Covering or ornament for the head. Very little information is obtainable as to the adornment and covering for the head in use among the Israelites of antiquity. The Old Testament sources contain scarcely anything on this subject; neither do the monuments furnish any material. The Israelites on Sennacherib's marble relief appear with no head-dress, and although the ambassadors of Jehu on the Shalmaneser stele have a head-covering, their costume seems to be Assyrian rather than Israelitish. Only one passage of the older literature is of any significance: I Kings xx. 31 mentions "ḥabalim" together with "saḳ," both of which are placed around the head. This calls to mind pictures of Syrians on Egyptian monuments, represented wearing a cord around their long, flowing hair, a custom still followed in Arabia. Evidently the costume of the poorest classes is represented; but as it gave absolutely no protection against the heat of the sun to which a worker in the fields is so often exposed, there is little probability that it remained unchanged very long, although it may have been the most ancient fashion.
The Israelites most probably had a head-dress similar to that worn by the Bedouins. This consists of a keffieh folded into a triangle, and placed on the head with the middle ends hanging over the neck to protect it, while the other two are knotted together under the chin. A thick woolen cord ("'aḳal") holds the cloth firmly on the head. In later times the Israelites, both men and women, adopted a turban-like head-dress more like that of the fellahs of to-day. The latter wear a little cap ("ṭaḳiyah"), usually made of cotton cloth folded doubly or triply, which is supposed to shield the other parts of the head-covering from perspiration. With boys this often forms the only head-covering. Under this cap are placed one, often two, felt caps ("lubbadah"), and the national head-dress of the Turks, the red tarboosh. Around this, finally, is wound either an unbleached cotton cloth with red stripes and fringe, a gaily flowered "mandil," a red-and yellow-striped keffich, a black cashmere scarf, a piece of white muslin, or a colored cloth. Such a covering not only keeps off the scorching rays of the sun, but it also furnishes a convenient pillow on occasion, and is not seldom used by the fellahs for proserving important documents.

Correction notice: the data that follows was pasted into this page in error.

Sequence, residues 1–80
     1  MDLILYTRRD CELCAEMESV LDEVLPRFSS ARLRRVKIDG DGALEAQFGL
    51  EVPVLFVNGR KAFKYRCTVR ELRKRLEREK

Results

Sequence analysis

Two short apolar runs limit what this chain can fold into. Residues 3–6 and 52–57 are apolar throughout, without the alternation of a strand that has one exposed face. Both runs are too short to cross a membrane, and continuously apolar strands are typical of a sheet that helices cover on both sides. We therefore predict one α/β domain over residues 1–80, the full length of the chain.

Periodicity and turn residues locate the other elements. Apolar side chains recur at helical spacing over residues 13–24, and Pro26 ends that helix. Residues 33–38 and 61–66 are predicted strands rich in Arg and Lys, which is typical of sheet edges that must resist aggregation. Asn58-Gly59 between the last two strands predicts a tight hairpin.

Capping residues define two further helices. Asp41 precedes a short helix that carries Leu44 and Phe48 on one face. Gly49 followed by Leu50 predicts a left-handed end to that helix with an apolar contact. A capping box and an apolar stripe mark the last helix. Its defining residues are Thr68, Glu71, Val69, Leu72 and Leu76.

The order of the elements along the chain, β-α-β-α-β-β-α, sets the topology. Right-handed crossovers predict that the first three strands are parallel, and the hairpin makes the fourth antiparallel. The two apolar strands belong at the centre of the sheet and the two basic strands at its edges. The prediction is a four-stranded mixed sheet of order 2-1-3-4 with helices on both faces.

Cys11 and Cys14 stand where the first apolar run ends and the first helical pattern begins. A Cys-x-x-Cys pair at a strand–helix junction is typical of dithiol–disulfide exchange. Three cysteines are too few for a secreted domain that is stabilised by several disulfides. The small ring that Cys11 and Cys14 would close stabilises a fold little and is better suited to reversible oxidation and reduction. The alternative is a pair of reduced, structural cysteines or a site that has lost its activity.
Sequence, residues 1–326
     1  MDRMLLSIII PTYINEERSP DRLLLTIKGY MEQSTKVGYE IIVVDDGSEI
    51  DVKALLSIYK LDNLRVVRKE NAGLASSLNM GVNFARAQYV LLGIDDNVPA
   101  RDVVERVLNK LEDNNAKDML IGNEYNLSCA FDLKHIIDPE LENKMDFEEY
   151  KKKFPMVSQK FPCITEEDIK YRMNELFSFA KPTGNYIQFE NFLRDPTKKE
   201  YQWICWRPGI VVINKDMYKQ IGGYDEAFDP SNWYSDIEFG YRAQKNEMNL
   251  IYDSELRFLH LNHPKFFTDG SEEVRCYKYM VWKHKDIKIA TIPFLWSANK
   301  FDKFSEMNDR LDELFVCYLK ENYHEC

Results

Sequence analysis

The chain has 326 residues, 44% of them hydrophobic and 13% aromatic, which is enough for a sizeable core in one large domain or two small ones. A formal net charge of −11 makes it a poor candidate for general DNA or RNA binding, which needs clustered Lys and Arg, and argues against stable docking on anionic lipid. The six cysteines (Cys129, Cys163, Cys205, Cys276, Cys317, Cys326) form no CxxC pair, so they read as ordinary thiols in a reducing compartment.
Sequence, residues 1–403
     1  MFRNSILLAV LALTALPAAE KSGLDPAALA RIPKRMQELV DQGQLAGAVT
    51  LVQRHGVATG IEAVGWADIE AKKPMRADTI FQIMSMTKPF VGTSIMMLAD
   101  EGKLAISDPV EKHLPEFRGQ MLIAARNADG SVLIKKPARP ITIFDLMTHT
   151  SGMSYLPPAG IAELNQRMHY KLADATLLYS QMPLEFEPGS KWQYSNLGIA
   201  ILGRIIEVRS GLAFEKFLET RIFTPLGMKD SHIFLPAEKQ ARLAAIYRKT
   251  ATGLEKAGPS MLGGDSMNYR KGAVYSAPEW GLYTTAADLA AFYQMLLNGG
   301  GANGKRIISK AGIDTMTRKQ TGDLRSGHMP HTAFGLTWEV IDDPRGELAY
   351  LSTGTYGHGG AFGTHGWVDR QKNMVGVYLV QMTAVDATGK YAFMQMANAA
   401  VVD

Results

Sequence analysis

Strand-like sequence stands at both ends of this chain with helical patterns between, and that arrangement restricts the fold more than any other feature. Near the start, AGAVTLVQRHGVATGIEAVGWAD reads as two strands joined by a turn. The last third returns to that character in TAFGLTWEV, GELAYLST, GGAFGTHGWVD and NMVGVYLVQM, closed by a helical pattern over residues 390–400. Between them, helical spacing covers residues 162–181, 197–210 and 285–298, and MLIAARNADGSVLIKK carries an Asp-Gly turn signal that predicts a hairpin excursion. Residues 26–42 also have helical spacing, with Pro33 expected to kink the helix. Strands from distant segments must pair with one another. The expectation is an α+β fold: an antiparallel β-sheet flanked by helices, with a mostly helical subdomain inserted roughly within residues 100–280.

That the head-dress of the Israelites must have been of this kind is shown by the noun "ẓanif" and by the verb "ḥabash" (to wind; comp. Ezek. xvi. 10; Ex. xxix. 9; Jonah ii. 6 [A. V. 5]). "Ẓanaf" means "to roll like a ball" (Isa. xxii. 18). As to the form of such turbans nothing is known; perhaps they varied according to the different classes of society, as was customary with the Assyrians and Babylonians, whose fashions may have influenced the costume of the Israelites. How the high priest's miter ("miẓnefet"; Ex. xxviii. 37, xxix. 6) differed from the ẓanif is not clear; perhaps it was pointed like the head-covering worn by Assyrian kings: the turban ("migba'ah") of an ordinary priest probably had a conical form. Nothing is known concerning the "'aṭarah" (II Sam. xii. 30; Ezek. xvi. 12) or the "keter" (Esth. i. 11, ii. 17, vi. 8; comp. De Lagarde, "Gesammelte Abhandlungen," pp. 207, 213-215; idem, "Armenische Studien," pp. 67, 2003).
The bridegroom was distinguished by his head-dress ("pe'er"; Isa. lxi. 3; Ezek. xxiv. 17, 23), which was, perhaps, of cloth wound round the head and worn over the ẓanif (comp. Ex. xxxix. 28). Veils were used only by the women, and even by them only on certain occasions, the strict separation of men and women, customary in Mohammedan countries, being foreign to Jewish antiquity. The bride was veiled when she was led to the bridegroom (Gen. xxiv. 65; comp. xxix. 22 et seq.). In later times, however, veils and gauzy garments found their way into the wardrobes of Jewish women (comp. Isa. iii. 16 et seq.). That the Israelitish men sometimes wore a veil, as do men among the Arabs occasionally, can not be proved by Ex. xxxiv. 33 et seq. See Veil.